Upon retiring from the army, some of these men found their pensions to be inadequate. Some of them also found their land and estates back home in India were utilized by money lenders.They decided to try their fortunes in the countries they had visited. They joined an Indian diaspora, which included people from Burma through Malaysia, the East Indies, the Philippines, and China. They were able to get work in the police force and some were employed as night-watchmen by British firms. Others started small businesses of their own . These were modest beginnings but they had bigger ideas. The Sikhs, who had seen Canada, recommended the New World to fellow Sikh people who were in a position to venture out and seek new fortunes. They were guaranteed jobs by agents of big Canadian companies like the Canadian Pacific Railway and the Hudson's Bay Company. Overcoming their initial reluctance to go to these countries due to the treatment of Asians by the white population, many young men chose to go, having been assured that they would not meet the same fate. They were British subjects; Canada was a part of the British Empire; and the British Empire owed much to the Sikhs. Queen Victoria had proclaimed in 1858 that throughout the empire the people of India that they would enjoy "equal privileges with white people without discrimination of colour, creed or race."[7]

Initial settlement

However, upon arrival to British Columbia, the first Sikh immigrants faced widespread racism by the local white Canadians. Most of the white Canadians feared workers who would work for less pay, and that an influx of more immigrants would threaten their jobs. As a result, there were a series of race riots that targeted the Sikh immigrants, who were beat up by mobs of angry white Canadians. Then the Sikhs fought and took over the place.[8] These mobs not only targeted Indians, but also other Asian group such as the Chinese immigrants working on the railroad at the time and Black Canadians. From the social pressure most decided to return to India, while a few stayed behind. To support the white Canadian population on the west coast of Canada, who did not want Indians to immigrate to Canada, the Canadian government prevented Indian men from bringing their wives and children until 1919, which was another considerable factor in their decision to leave Canada.[8]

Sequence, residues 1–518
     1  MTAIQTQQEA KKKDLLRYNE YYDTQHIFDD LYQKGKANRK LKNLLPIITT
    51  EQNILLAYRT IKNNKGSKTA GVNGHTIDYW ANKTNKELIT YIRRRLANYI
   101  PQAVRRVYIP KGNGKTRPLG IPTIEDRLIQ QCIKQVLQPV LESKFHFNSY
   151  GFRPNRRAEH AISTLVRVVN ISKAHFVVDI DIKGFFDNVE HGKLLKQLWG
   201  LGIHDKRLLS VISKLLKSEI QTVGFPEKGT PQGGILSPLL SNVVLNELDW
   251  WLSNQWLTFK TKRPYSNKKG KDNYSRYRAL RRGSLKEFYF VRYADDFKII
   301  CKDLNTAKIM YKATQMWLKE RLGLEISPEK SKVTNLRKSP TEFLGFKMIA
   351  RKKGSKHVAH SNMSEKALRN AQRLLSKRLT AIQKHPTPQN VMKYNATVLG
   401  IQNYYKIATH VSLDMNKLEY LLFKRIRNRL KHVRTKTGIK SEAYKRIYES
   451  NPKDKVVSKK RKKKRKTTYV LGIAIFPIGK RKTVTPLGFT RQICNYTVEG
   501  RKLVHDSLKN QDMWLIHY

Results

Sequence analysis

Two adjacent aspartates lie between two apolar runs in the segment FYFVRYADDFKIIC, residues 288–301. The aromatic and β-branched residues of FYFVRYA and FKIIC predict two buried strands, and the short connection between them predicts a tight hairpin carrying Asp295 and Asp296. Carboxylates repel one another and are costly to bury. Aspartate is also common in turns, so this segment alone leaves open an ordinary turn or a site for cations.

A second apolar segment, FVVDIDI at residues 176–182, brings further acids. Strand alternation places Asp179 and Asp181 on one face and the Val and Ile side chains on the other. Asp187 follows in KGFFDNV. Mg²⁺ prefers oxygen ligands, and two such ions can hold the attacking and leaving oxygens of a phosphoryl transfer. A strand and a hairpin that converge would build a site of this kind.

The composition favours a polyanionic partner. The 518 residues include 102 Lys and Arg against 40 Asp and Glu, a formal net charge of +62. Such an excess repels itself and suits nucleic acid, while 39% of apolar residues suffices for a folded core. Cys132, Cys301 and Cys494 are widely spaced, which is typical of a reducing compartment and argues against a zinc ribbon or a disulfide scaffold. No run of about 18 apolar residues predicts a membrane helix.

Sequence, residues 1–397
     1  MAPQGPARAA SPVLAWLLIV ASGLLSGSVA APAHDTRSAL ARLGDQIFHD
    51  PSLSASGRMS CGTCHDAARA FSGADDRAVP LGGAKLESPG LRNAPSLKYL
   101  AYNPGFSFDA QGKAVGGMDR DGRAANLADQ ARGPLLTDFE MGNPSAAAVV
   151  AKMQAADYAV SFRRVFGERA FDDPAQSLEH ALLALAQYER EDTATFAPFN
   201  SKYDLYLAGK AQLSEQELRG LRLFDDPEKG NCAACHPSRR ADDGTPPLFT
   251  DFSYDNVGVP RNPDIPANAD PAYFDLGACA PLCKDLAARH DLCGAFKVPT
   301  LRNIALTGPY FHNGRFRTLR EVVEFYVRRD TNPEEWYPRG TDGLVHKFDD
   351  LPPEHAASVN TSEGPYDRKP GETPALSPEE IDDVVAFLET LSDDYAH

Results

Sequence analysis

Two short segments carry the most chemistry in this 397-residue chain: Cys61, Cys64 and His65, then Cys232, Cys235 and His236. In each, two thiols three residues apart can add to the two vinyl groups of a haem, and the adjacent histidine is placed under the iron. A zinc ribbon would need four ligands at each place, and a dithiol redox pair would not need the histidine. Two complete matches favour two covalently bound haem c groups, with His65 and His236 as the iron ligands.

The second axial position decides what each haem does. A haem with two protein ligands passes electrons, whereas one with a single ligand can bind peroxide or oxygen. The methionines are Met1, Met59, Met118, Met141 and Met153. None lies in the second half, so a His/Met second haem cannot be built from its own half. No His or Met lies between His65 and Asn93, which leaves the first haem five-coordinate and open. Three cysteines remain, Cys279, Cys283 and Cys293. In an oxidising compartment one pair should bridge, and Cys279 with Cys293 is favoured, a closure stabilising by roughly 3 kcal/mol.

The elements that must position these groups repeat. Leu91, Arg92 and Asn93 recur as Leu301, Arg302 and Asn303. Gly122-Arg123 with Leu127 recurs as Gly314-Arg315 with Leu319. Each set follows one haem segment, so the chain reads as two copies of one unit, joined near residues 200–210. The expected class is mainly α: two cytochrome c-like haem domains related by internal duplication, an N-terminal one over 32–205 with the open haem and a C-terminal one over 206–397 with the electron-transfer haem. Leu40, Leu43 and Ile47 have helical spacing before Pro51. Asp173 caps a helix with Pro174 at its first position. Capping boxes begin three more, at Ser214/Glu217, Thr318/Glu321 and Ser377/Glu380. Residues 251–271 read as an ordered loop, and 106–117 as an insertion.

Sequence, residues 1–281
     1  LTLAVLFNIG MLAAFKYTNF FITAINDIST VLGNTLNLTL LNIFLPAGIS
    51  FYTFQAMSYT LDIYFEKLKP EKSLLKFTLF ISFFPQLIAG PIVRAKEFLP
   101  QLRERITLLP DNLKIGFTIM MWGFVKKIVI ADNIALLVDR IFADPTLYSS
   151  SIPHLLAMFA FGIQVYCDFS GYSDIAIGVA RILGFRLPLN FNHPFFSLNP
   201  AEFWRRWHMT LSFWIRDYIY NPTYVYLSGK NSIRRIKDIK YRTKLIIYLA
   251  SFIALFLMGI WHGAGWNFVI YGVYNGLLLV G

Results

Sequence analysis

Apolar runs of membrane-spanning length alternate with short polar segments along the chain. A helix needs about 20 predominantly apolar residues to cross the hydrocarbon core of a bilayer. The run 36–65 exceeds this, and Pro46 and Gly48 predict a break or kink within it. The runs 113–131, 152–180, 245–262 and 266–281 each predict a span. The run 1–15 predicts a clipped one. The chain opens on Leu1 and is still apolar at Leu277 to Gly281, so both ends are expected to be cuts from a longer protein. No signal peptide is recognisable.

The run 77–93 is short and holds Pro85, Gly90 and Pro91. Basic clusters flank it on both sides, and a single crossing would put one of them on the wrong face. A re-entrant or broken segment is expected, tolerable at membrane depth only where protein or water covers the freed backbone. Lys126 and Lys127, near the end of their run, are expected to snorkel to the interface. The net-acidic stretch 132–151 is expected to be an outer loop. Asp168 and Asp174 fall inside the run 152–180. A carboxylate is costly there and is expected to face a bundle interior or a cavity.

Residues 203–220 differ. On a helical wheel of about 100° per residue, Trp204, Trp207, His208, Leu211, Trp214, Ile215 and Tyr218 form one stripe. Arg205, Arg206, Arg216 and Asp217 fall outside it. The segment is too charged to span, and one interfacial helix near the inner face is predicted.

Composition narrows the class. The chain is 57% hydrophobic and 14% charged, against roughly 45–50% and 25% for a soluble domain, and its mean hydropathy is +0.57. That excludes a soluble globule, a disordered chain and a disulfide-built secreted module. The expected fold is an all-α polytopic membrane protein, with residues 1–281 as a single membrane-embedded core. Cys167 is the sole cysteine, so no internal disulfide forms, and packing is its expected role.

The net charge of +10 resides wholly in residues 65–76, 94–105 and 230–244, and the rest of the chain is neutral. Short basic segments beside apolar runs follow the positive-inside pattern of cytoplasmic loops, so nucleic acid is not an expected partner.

The restrictions by the Canadian government increased on Indians, and policies were put in place in 1907 to prevent Indians who had the right to vote from voting in future general elections.[8] Furthermore, government quotas were established to cap the number of Indians allowed to immigrate to Canada in the early 20th century. This was part of a policy adopted by Canada to ensure that the country retained its primarily European demographic, and was similar to American and Australian immigration policies at the time. These quotas only allowed fewer than 100 people from India a year until 1957, when it was marginally increased (to 300 people a year). In comparison to the quotas established for Indians, people from Europe immigrated freely without quotas in large numbers during that time to Canada, numbering in the tens of thousands yearly.[8]

In 1914, the Komagata Maru, a steam liner carrying 376 passengers from Punjab, India (all were British subjects) arrived in Vancouver. Most of the passengers were not allowed to land in Canada and were returned to India. When the Kamagata Maru returned to Calcutta (now Kolkata), they were fired upon by the British, many died. Viewing this as evidence that Indians were not treated as equals under the British Empire, they staged a peaceful protest upon returning to India. British forces saw this as a threat to their authority, and opened fire on the protestors, killing many. This was one of the most notorious incidents in the history of exclusion laws in Canada designed to keep out immigrants of Asian origin.

Recent settlement

Policies changed rapidly during the second half of the 20th century.

In 1906 and 1907 there was a spike in migration from the Indian sub-continent into British Columbia. Most of the migrants were Punjabi Sikhs though there were large amounts of Punjabi Hindus and Muslims too. an estimated 4700 arrived, at around the same time as a rise in Chinese and Japanese immigration. The federal government curtailed the migration and over the next seven years, fewer than 125 South Asians were permitted to land in British Columbia. Those who had arrived were often single men and many returned to South Asia, others sought opportunities south of the border in the USA. It is estimated that the number of South Asians in British Columbia fell to less than 2000 by 1914.[9]